Other definitions focus on things like size of your social circle and how much you talk. Sorta. It’s like saying that a bird is an animal with feathers. Correct in the strictly logical sense, but misses the point. Birds are not about feathers.
The definition above is the first one I can really relate to. For me, being an introvert is like having a second house inside your mind, complete with bookshelves, an armchair and a fireplace. I imagine it as a wizard’s or alchemist’s lair from the old computer games. A place you can always retreat to, a place where you feel comfortable and at home.
Of all the types of visual arts, chalk on pavement is my favourite. Just because this picture is so imprecise and suggestive, it is so much more interesting than a realistic depiction of a horse! Or is it a baby unicorn?
And this work’s transient nature makes it even more precious. Yesterday we had a good rain and by now the pony is surely gone.
“You can call me Mud”, he says. What kind of name is that? The kind you might have in a remote corner of American south. One of the best qualities of Mud is that it’s a window into a different world. It shows a life we would never see otherwise, a life which could be extinct a generation later. In that life, a 13-year-old rides his own scooter, fixes boat engines, works with his father and gets paid for his work. There’s no school to speak of, possibly because it’s a summer, but two heroes can take better care of themselves than most graduates.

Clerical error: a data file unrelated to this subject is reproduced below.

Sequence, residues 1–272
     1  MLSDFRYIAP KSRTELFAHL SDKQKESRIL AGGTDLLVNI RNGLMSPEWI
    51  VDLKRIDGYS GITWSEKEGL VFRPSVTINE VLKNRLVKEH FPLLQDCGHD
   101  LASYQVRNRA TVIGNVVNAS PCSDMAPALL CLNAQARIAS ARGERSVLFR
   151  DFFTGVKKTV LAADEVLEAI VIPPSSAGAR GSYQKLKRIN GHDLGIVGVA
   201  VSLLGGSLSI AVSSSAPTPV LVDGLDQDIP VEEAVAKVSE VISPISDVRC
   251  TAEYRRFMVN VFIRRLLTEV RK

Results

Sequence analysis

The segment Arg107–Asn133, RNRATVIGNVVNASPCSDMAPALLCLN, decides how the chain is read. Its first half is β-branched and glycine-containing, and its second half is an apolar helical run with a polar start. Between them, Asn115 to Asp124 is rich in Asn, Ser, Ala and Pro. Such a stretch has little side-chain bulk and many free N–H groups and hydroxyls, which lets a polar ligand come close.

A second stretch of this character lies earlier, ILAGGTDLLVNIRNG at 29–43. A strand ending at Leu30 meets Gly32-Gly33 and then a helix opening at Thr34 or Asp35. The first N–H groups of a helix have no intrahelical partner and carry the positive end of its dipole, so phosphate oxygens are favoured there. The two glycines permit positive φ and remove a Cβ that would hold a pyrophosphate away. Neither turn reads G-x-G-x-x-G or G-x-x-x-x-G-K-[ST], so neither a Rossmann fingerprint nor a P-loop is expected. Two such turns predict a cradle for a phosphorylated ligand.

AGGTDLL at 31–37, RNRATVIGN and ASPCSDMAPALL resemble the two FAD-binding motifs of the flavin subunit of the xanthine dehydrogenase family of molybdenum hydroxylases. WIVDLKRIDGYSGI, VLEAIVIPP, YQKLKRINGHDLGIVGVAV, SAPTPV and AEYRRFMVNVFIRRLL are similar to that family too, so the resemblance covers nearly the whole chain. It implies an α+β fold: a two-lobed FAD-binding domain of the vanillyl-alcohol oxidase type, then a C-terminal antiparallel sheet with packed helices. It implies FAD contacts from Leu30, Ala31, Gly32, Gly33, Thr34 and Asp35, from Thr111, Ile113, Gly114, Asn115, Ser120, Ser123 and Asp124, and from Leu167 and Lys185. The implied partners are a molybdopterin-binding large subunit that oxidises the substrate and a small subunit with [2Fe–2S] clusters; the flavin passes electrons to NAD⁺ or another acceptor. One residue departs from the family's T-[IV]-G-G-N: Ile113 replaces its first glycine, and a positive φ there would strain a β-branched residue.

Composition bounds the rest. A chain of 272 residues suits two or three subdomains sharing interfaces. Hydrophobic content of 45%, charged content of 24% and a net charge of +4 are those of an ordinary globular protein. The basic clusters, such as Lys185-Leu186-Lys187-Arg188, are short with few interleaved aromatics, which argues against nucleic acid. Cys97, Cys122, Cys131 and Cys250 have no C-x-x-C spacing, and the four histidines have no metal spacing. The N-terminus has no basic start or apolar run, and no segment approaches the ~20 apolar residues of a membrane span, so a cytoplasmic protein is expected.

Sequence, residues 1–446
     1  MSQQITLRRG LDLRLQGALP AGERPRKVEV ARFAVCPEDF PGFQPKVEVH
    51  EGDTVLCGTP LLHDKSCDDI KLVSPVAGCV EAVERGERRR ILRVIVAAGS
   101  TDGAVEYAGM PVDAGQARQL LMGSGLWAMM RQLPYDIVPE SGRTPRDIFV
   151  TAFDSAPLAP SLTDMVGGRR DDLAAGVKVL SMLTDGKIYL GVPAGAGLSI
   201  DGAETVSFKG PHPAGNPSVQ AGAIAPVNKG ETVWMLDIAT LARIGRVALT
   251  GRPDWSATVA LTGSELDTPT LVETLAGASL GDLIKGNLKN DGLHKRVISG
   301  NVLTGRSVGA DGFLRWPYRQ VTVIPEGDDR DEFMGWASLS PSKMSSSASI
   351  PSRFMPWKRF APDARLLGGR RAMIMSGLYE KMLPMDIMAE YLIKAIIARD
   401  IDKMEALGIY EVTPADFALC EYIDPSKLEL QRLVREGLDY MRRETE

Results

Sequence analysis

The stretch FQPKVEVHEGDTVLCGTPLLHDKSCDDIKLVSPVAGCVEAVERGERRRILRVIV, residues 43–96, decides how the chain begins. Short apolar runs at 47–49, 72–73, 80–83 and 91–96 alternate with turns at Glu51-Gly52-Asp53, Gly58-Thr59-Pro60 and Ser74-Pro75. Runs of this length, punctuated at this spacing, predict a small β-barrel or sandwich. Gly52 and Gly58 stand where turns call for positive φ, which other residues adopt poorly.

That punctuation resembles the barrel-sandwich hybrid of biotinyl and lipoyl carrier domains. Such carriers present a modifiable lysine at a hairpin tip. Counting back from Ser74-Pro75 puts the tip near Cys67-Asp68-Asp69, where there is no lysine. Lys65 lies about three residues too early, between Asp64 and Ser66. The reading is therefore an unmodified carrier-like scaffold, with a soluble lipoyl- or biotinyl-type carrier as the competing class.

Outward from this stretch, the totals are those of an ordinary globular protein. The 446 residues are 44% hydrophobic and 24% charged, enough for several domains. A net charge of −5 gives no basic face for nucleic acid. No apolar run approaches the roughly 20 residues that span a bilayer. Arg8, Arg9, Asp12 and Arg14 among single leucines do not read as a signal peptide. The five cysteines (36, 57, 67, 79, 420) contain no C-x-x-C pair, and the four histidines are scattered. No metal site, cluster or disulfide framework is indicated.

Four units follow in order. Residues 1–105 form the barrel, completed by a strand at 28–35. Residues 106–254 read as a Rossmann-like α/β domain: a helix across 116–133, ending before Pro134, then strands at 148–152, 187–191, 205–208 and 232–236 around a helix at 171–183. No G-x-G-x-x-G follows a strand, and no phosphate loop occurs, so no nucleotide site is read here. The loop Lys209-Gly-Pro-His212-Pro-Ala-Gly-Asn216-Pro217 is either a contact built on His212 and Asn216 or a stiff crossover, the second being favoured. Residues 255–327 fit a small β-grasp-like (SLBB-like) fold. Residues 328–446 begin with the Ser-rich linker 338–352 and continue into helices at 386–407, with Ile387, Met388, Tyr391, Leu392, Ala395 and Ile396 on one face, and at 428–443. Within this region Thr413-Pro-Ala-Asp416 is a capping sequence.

The main character is Ellis, an impressionable and reflective 13-year-old. You might assume such sensitive types aren’t cut out for rough country life, but he finds his way around and his curiosity allows him to discover things others would miss. One of the things he discovers is Mud, a murderer on the run who hides on a small river island and waits for his chance to escape. Continue reading
My trip to the future wasn’t nearly as intimidating as I expected. In fact, the future dwellers I met are relatively young (their 50s-60s) and able-bodied. Unkempt, but not that different from the people we meet every day on the street. And that makes me very sad.
During the last visit, I gave George a call to help locate his misplaced phone. 10 minutes later a resident came by to inquire who called. Then another one. They are so desperately bored that even the most insignificant event becomes a welcome distraction. To the point where it no longer makes sense to dress up and get out of bed in the morning. Continue reading